There is a widespread false impression among University faculty members that collective bargaining is inconsistent with quality. In addition, rumors have been circulated that collective bargaining will limit or even prevent research funding (see Oct. 18 Daily story, “Governance with teeth”).
It is easy to dispense with rumors that collective bargaining will drive away research grants. The alleged basis for this is that federal agencies will not give grants to a university where strikes are a possibility. This is absurd. Imagine the outcry in Congress if any federal agency denied or restricted funding to a principle investigator, institution or government contractor because of collective bargaining. Two high-quality universities would lead the charge: State University of New York-Stony Brook and Rutgers. Both have collective bargaining.
What about the other issue — that collective bargaining is inconsistent with quality? The standard quality measure for research universities is the National Research Council’s rankings of graduate programs, which came out last year.
We have checked the council’s rankings against a list of universities that have both graduate programs and collective bargaining. There are only nine universities in this class that appear in the ranked list. By comparison, a total of 127 universities have graduate programs in English, 111 have graduate programs in history, 62 in materials science, 146 in physics and 187 in biochemistry and molecular biology. Thus, universities with collective bargaining are relatively few in number. Therefore, we would be surprised to find programs outranking ours at these universities.
However, the results of our survey are surprising. We find that among the 47 ranked programs cited by our vice president for research in 1995, 19 are outranked by universities that have collective bargaining (most of which are represented by the American Association of University Professors). A synopsis of the comparison is in Table I accompanying this story. (Neither this nor the following comparison includes all 47 ranked Minnesota programs.)
Thus, there is certainly no evidence that collective bargaining is correlated with low quality, at least when compared to Minnesota. Critics may assert, however, that we only compared Minnesota’s weaker programs with those at unionized universities.
We see no merit to this view. If we look at the programs in the top 20 nationally at universities with collective bargaining, we find 13 programs in this high-quality group in Table I. There are clearly strong programs at universities that have collective bargaining.
We also looked at programs where Minnesota has a high rank — where we are at our best — and compared them with the same programs at collective bargaining universities. Our results for highly ranked Minnesota programs are in Table II. To ensure that there was broad competition, we only included those programs where there were at least 80 universities competing. We also cut off our list at a rank of 40 –universities with programs ranking below this do not appear on our list.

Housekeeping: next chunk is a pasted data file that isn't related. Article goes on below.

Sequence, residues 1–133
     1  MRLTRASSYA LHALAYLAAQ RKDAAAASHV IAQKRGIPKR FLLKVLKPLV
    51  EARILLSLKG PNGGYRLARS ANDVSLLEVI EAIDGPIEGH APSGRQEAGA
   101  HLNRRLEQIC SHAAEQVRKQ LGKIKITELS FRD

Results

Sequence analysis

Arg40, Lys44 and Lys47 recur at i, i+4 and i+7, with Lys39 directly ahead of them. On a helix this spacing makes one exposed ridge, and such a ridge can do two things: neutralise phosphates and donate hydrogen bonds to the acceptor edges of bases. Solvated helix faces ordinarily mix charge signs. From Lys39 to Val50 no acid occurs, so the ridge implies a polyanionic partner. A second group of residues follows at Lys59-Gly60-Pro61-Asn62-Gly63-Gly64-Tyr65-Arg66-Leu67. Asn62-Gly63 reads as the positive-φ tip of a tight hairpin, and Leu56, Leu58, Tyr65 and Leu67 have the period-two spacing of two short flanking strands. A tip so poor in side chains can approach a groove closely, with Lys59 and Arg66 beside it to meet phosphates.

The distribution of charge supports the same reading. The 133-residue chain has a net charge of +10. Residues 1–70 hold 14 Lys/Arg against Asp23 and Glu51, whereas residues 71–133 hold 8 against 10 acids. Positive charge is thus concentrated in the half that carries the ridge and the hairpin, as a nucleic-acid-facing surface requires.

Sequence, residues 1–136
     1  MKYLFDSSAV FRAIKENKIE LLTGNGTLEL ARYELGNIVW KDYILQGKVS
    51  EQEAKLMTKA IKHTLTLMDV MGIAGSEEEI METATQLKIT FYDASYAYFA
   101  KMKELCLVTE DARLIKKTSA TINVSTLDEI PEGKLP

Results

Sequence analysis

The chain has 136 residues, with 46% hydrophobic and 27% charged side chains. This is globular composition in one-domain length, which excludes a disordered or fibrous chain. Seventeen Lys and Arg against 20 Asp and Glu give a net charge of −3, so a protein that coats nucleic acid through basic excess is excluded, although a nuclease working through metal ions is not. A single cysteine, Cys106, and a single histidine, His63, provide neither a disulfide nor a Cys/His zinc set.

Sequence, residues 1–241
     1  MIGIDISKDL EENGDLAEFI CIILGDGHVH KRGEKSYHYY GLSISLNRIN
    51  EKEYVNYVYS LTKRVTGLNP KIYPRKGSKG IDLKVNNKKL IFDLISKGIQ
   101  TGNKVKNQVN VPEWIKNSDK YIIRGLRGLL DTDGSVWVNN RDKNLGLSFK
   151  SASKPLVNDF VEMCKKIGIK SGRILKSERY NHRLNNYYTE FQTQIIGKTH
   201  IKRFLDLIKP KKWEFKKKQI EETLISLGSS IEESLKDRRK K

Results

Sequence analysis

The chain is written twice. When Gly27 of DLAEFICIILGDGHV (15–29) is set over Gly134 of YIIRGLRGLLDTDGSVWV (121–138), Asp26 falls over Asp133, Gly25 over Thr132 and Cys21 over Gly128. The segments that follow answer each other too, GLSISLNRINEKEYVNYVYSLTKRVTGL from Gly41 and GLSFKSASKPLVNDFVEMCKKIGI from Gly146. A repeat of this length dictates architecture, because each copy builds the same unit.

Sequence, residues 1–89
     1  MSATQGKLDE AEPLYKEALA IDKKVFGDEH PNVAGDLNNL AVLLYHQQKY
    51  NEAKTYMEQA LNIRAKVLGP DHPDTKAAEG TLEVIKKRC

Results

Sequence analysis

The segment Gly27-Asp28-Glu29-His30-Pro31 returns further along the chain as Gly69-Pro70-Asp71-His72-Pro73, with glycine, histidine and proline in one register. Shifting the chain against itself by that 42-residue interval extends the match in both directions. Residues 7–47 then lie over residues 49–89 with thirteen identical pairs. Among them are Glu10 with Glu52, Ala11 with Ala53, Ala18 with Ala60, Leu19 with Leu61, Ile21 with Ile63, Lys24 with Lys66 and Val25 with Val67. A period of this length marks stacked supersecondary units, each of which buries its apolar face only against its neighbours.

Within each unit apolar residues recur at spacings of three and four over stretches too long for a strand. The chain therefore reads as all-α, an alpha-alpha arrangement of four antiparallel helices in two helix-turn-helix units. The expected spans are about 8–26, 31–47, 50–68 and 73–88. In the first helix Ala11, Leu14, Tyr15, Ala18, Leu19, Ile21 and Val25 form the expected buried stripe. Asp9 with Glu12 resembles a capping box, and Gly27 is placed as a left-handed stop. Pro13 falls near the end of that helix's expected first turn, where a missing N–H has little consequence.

The only field where we find collective bargaining universities to be far below Minnesota is economics. Other places are noticeably less competitive than Minnesota in some engineering fields, as well. Since these are among our best programs, it is perhaps not surprising to find lower rankings in our small sample. In addition, we find from the Web listings for Rutgers and SUNY-Stony Brook that the departments comparable to ours at Rutgers are much less than half our size. At SUNY-Stony Brook we find no listing at all for mechanical and aerospace engineering and civil engineering. These two institutions are of high quality in basic sciences and mathematics. We are inclined to doubt that the quality difference with the corresponding engineering fields at Minnesota means anything, at least so far as SUNY-Stony Brook and Rutgers are concerned.
On balance, we do not see any argument that collective bargaining impairs quality. Minnesota has declined in national ranking from 12 in the 1960s to 16th in the 1980s to 23rd today. This decline occurred with no contribution from collective bargaining. What can be argued, however, is that bad management and reductions in state funding contributed to that decline. We think collective bargaining gives us at least a chance to arrest our decline by exerting a strong faculty voice for quality.
Roberta Humphreys, astronomy professor;Tom Walsh, physics professor